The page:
It should be noted that the editor follows a preferred sequence when locating text elements. This sequence differs from the previously described preferred sequence for parsing due to the different object of the operation, that is, the location of text elements on the page, and is, in order of location, overscript, underscript, presuperscript, presubscript, ssuperscript and subscript.

Finally, and before continuing with the description of the construction of text elements, it should be noted that the following description, and others, have adopted a narrative convention for convenience and clarity in presentation. That is, the following descriptions are presented as if the construction of text elements, that is, the building of each elements and the determination of the extents and location of each element, were a continuous, element by element and character by character process. Due to the limitations of the processor used in the present implementation of the editor, the present editor actually follows, in the present implementation, a process similar to that previously described with respect to the construction of units. That is, the editor and parser first build all elements of the text, then determine the extents of the elements, and finally locate the elements on the page. For example, if the text to be entered had five elements, the user and editor would build units 1 through 5, in that order; the editor would then determine the extents of unit 5 through 1, again in that order, and would then locate units 1 through 5 on the page, again in that order. In an alternate implementation, with a faster and more power processor, the editor could be implemented to perform these processes continuously and repetitively for each element and character; again, this convention has been adopted for clarity of presentation in the following descriptions.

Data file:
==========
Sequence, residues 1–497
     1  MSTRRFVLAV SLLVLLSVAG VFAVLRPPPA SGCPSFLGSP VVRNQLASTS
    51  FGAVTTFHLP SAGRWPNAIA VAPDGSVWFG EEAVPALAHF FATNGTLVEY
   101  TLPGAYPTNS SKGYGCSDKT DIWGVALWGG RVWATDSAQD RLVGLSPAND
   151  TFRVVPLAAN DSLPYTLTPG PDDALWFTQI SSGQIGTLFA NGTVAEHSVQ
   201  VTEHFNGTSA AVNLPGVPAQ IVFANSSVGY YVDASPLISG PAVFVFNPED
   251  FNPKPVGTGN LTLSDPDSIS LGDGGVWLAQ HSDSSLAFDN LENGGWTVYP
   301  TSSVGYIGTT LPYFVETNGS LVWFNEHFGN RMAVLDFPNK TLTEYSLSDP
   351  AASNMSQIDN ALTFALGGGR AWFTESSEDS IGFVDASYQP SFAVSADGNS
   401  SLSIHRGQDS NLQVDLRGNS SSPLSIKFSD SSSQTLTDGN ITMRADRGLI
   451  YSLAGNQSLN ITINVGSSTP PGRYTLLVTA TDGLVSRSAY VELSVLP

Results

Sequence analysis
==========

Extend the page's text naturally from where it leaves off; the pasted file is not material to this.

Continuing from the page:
Continuing now with the description of the construction of the text of FIG. 14, the addition of PSupU 1406 as a presuperscript has resulted in an extension to the dimensions of BU 1404 and the extended dimensions of BU 1404 must be written into the EXTENDEDDIMS 526 fields of BU 1404's US 134. Again, in the convention adopted for purposes of descriptive clarity, this is a dynamic process, with the extended dimensions of BU 1404 being increased by Parser 148 as necessary to enclose both BU 1404, that is, DIMS 1422, and PSupU 1406 as each character of PSupU 1406 is entered by the user. The final extended dimensions of BU 1404 at the conclusions of the steps described herein, that is, the addition of PSupU 1406, LSUs 1408a and 1408b and SubU 1410 to BU 1404 are indicated in FIG. 14 by the Extended Dimensions Box (EDIMS) 1430. At this point in the construction, however, XDIMS 1430 would extend in the x dimension from STARTLOC 1424, that is, the left side of DIMS 1426, to the rightmost point of BU 1404, that is, the right side of DIMS 1422. XDIMS 1430 would extend in the y dimension from the lower side of DIMS 1422 to the upper side of DIMS 1426. It should be noted that the attachment of PSupU 1406 to Bu 1404 has resulted in an extension of the dimensions of BU 1404 in the negative x direction, that is, to the left, since PSupU 1406 extends in the x dimensions to the left of STARTLOC 1428, and in the negative y dimension, that is, upwards, since PSupU 1406 extends above BU 1404.